• Heredity: apparently scientists have found gene mutations in fibroid tissue cells. A patient’s risk of developing fibroids increases if a close family member (mother and/or sister) has the tumors.
  • Race: for reasons unknown, African-American women are more likely to develop fibroids than any other race. They are more likely to have larger and/or multiple fibroids as well.

Possible factors that decrease the risk for developing fibroids (speculative):

  • Oral contraceptives
  • Pregnancy (although some theorize that they actually grow during this time, due to increased estrogen levels)
  • Being athletic (whereas being overweight has been thought to increase the odds of developing fibroids)

Symptoms of Uterine Fibroid Tumors

  • Abdominal or pelvic pressure, fullness, or chronic pain
  • Bladder problems such as difficulty emptying or an increase in urgency
  • Difficulty moving bowels
  • Very heavy and/or painful periods
  • Bleeding between periods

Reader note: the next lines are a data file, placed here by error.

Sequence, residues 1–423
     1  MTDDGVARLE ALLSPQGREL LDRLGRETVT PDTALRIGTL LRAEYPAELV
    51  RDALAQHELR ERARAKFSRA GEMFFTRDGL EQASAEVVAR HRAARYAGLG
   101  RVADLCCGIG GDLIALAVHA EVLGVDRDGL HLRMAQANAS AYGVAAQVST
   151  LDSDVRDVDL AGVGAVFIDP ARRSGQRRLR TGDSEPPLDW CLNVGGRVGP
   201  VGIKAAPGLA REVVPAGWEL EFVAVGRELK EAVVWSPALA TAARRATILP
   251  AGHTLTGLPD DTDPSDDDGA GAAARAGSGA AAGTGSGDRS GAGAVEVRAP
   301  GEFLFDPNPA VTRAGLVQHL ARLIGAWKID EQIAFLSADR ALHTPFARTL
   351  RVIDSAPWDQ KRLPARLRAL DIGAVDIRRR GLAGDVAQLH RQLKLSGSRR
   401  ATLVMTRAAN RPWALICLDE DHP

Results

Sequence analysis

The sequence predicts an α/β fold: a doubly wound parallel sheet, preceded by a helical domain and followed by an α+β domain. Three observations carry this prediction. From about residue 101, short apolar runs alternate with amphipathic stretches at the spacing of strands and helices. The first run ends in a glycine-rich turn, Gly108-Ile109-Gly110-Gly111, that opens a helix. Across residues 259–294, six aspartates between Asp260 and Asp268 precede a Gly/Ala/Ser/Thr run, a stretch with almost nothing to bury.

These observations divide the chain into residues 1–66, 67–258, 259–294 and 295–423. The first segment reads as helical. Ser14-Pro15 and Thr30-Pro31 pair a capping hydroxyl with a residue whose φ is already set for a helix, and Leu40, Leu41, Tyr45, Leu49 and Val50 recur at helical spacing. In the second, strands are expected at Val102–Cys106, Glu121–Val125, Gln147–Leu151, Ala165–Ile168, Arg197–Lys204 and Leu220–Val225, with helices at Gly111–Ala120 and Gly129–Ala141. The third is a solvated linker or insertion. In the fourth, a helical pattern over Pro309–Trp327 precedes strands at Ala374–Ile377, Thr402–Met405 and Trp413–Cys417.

If you experience some or all of these symptoms, or if you have a family history of fibroids, you might want to consider scheduling an appointment to see your gynecologist as soon as possible.

Knowing that they can distort the overall appearance of the uterus, uterine fibroids are actually quite smooth, rounded, and said to be well-defined.  They are overgrowths of the muscular, middle layer of the uterus, the myometrium.  When the tumors they project into the endometrium, the submucosal, they can cause heavy menstrual bleeding which can go beyond the days of a normal cycle.  Fibroid tumors can project outward,  the subserosal, and can press on the bladder or rectum.  This can cause additional problems.  One other type of fibroid actually grows outside of the uterus and is attached by a very narrow band of blood vessels, known as the “pedunculated.”

What you should also know about fibroids is that they can cause a heavy, full feeling in the abdomen and can be singular or multiple in number.  For some women, they feel hard when they touch the lower area of their abdomen.

Types of Fibroid Tumors

There are types of tumors you should be familiar with, starting with the utering fibroids which are classified according to their location within the uterus.  There are three primary types of fibroid tumors:

Subserosal fibroids develop in the outer portion of the uterus and continue to grow outward. These fibroids typically do not affect a woman’s menstrual flow, or cause excessive menstrual bleeding, but can cause pain due to their size and the added pressure on other organs.